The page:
Vim and XCode will co-exist quite well together provided that you aren't trying to edit the same files in Vim and the XCode editor at the same time. If you do then each will give you a warning about the file being modified externally. The terminal version of Vim is a little easier to live with in this particular respect: it will only warn you when you try to save the file, asking are you sure, whereas MacVim, and the XCode editor, will warn you each time you return to the file.
XCode does allow you to select an external application when you open files, by file type. In XCode Preferences, go to the File Types tab, and then file->text->sourcecode. Preferred Editor can be set to an external program such as MacVim; note that Emacs should be already listed as a selection: when Emacs is selected XCode launches Terminal.app with Emacs in a terminal. This Preferred Editor setting has the problem that you'll get a new window with each opened file, which may not match your workflow.
remote feature might prove useful here, see
:help remote. With a little work, and the above Preferred Editor preference, one should be able to send the file to be edited to any instance of Vim, including an existing Vim running within an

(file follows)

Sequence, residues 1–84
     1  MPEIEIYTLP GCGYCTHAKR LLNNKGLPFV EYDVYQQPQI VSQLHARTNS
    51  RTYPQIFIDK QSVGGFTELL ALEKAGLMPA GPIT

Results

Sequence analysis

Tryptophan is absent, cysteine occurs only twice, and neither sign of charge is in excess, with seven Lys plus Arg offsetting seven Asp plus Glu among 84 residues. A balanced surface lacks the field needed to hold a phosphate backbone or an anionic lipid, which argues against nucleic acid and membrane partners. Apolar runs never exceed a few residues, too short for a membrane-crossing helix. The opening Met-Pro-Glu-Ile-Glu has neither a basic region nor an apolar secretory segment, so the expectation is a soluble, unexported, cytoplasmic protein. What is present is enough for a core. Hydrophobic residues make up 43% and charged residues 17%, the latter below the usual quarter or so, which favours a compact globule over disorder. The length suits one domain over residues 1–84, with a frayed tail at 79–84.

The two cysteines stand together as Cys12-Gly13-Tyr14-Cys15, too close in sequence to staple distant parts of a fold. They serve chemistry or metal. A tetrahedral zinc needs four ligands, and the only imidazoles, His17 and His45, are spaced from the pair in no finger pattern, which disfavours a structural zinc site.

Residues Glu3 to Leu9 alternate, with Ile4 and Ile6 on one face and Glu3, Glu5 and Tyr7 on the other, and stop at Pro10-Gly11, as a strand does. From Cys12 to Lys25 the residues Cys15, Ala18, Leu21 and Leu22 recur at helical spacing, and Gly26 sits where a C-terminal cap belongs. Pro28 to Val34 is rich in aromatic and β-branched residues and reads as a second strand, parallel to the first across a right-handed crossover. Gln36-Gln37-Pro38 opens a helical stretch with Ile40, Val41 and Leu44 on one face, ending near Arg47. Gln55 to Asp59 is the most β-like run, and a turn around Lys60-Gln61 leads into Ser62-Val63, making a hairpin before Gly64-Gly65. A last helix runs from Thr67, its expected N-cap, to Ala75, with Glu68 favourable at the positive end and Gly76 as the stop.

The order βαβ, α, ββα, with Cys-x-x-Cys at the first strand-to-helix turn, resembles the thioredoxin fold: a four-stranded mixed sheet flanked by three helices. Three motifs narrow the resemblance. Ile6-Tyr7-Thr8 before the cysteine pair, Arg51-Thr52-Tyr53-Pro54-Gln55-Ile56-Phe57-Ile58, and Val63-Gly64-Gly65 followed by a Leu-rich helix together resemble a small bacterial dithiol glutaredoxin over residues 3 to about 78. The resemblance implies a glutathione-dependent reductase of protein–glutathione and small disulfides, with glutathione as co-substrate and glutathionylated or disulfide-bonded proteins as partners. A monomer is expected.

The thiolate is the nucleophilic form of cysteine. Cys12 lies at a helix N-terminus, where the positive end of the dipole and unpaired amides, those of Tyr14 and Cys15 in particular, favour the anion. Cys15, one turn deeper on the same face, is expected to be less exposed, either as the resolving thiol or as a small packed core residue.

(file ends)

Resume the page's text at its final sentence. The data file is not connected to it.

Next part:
xterm. I seem to recall that Emacs provides something similar.
But none of this precludes you from using Vim without setting Preferred Editor: just open and edit your project files in Vim as you would normally.
Your workflow might be to use Vim for editing code, and switch to XCode for building the project, but Vim can also run the same build tools that XCode uses, and with a little more work you'll even be able to jump to the lines with errors. XCode relies on gdb for debugging, which can also be used quite well with Vim, via plugin.
Of course Vim can't be expected to replace something like Interface Builder, but just about every other aspect of iOS dev can be achieved with a Vim-only solution.
Or just use Vim to edit your code faster, and continue to use XCode for the rest.